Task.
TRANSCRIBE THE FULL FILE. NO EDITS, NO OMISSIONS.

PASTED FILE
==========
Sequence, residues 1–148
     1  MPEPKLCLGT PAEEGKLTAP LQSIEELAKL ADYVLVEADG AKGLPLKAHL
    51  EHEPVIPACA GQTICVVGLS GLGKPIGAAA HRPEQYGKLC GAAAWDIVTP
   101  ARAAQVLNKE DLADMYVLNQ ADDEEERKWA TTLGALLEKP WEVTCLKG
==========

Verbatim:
Sequence, residues 1–148
     1  MPEPKLCLGT PAEEGKLTAP LQSIEELAKL ADYVLVEADG AKGLPLKAHL
    51  EHEPVIPACA GQTICVVGLS GLGKPIGAAA HRPEQYGKLC GAAAWDIVTP
   101  ARAAQVLNKE DLADMYVLNQ ADDEEERKWA TTLGALLEKP WEVTCLKG